After we left Ardys and put on another 100 miles or so, we stopped for dinner at a Cracker Barrel east of East St. Louis. We were trying to avoid the rush hour traffic, which we assumed would be especially bad on the cusp of a holiday weekend. So, we enjoyed a leisurely dinner, hopped back on the bikes and proceeded to start out of the parking lot. But as we did this, I noticed that something on my bike felt different. For those of you not acquainted with the Yamaha V-Star 650, it isn't really known for it's smooth ride, to say the least. However, at this point I noticed an EXTRA bit of vibration in my feet as we came to a stop. We pulled over into another parking lot so that I could assess the situation, but since I'm not a motorcycle mechanic and I couldn't really explain what I was talking about to Troy, we decided to proceed with the last 40 miles of our journey. Apparently my bike had other ideas!

Four miles down the road, on the interstate, going about 80 MPH with a semi right behind me, my bike stopped! Luckily I had pulled the clutch in and moved into the right hand lane! I pulled over to the shoulder of the road and got it stopped. Troy had been leading and when the bike died, I tried to honk the horn, but under those conditions, I don't think it made a sound. Even if it did, those weany little horns are impossible to hear on the interstate. So, with Troy long gone, my bike at a complete stop on the shoulder of the road and semis whizzing by me at 70+ MPH, I had a decision to make. What do I do now? I was certain that I didn't want to stay there. I didn't feel it was very safe, so I decided to see if the bike would start again. When it did, I decided to, once again, continue. This time I chose to go MUCH slower. With Troy long gone, I didn't have to worry about keeping up with him, so I took my time. I kept it around 65, but the bike started to sound and feel awful. It was getting quite warm on my leg and the noisest that were eminating from the chassis were bordering on alarming. My goal at this point was to just find a safe place to pull off. The problem with that plan was that I had just entered what seemed to be a spaghetti bowl of interstates. Every exit seemed to only be for a different highway and I decided that staying on 55/70 until my next official turn off would be the wisest move. At least I wouldn't have a broken bike AND be lost.

As I merged from 55/70 onto 64/40, which was supposed to take me to my destination, the bike again stopped. This time, however, I was only going about 55, but there was no place to pull over and there were semis all around. In a moment of desperation, I decided I had to try to start it while I was still moving, so I pulled in the clutch, shifted down to first gear and just kept hitting the start button until the motor again revved. With the clutch still pulled in, I then shifted back up to fourth so that my engine speed would match my road speed. Unfortunately, restarting it had apparently angered the motorcycle gods and the bike started to make such awful metal-grinding, ear-splitting sounds that I was certain it was going to explode while I sit astride it!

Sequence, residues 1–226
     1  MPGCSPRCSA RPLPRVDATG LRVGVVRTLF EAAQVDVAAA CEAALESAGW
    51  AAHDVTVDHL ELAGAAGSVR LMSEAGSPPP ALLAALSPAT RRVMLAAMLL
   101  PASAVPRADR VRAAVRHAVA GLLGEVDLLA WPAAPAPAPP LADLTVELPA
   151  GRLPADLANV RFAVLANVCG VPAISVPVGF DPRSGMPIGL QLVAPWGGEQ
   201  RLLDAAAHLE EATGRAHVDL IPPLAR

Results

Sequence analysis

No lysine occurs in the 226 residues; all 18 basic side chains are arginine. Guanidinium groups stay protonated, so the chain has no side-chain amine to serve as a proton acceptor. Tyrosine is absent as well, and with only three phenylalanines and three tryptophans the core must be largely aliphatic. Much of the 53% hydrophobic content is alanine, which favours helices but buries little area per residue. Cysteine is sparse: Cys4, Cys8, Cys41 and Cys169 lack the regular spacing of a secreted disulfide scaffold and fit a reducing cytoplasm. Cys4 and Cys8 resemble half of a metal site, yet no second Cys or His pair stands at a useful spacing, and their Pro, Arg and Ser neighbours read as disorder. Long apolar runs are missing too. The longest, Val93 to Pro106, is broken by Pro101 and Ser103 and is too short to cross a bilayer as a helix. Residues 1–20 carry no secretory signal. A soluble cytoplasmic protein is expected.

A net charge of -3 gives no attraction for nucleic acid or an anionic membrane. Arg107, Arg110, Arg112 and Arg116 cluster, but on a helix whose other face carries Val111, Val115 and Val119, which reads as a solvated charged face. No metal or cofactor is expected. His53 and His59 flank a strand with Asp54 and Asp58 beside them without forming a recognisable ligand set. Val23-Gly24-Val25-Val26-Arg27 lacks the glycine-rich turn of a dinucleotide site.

With my attention back on the road, I noticed that the highway had now become an elevated interstate and was merging down to one lane because of construction. At that point, I knew I HAD to get out of a situation that was obviously going very quickly from bad to worse. That's when I spotted the sign for Busch Stadium, where the Saint Louis Cardinals play. I thought, SOMEONE has to know where I am if I say I'm near the stadium! I made my way slowly, carefully and LOUDLY down the off ramp, found an empty parking lot within eye shot of the stadium and came to a very welcome stop.

At this point, I think dating someone who is such a stickler for details and good in a crisis came in VERY hand. I've never been so level-headed in a stressful situation as I was that night. With my bike in a safe location and cell phone within easy reach, my first four phone calls were to: 1) Troy's cell phone to tell him what had happened, where I was and what my plan was. 2) Troy's sister, Tricia, to get the number for Troy's other sister, Kendra. 3) Troy's sister Kendra. She and her family used to live in St. Louis so I wanted to find out from them if I was in an okay neighborhood or if I had reason to be scared for my safety. Finally, 4) AAA motorclub. Troy and I pay $140 a year for AAA coverage that includes towing the bikes, so I expect excellent service for that amount of money. Unfortunately, that wasn't exactly the case this time. First, the customer service rep that I spoke with explained that even though I get 4 tows per year, we only get one per incident. So, once they towed it to the hotel where we were going to be staying and where there would be TONS of other motorcyclists, they would not tow it anywhere else unless I paid for the service. Whatever! Second, I explained that I was on a motorcycle and that I was alone and it was getting dark. She assured me that I was at the top of the priority list and that they would be there within 45 minutes. Because of this, when Troy called, I told him not to come back to meet me because by the time he got there, I could be gone. Ha! I called them at 8:00 PM and they finally arrived JUST as my cell phone was going dead at 10:30ish. There is a BIG difference between 45 minutes and 2 1/2 hours.